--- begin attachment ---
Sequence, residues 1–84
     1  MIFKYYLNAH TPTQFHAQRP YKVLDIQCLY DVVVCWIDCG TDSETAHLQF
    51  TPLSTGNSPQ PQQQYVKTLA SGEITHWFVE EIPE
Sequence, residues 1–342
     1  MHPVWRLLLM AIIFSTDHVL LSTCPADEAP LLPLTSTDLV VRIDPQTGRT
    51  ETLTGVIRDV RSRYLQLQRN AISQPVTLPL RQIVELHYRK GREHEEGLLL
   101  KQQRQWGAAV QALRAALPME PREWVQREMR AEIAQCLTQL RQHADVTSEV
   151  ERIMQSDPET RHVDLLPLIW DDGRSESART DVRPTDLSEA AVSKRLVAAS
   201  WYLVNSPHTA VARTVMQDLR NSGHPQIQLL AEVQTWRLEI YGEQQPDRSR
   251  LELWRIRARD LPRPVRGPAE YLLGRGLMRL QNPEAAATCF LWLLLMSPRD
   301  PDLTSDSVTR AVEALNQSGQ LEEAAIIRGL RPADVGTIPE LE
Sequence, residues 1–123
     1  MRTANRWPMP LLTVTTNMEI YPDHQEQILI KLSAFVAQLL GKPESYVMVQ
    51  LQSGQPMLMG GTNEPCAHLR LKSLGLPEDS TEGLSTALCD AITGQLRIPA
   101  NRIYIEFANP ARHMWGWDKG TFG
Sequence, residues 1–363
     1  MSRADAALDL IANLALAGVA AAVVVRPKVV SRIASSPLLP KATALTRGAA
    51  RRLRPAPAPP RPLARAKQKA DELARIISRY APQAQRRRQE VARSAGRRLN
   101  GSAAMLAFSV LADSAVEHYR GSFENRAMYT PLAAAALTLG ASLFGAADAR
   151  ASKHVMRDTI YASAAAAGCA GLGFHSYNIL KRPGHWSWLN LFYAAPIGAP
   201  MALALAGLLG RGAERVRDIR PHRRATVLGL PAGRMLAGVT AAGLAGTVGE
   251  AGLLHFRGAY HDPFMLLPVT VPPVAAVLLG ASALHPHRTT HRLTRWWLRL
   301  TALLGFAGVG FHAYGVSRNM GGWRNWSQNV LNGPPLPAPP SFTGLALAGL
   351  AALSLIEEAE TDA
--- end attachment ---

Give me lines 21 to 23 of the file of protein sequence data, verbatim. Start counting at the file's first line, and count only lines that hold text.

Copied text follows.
   201  MALALAGLLG RGAERVRDIR PHRRATVLGL PAGRMLAGVT AAGLAGTVGE
   251  AGLLHFRGAY HDPFMLLPVT VPPVAAVLLG ASALHPHRTT HRLTRWWLRL
   301  TALLGFAGVG FHAYGVSRNM GGWRNWSQNV LNGPPLPAPP SFTGLALAGL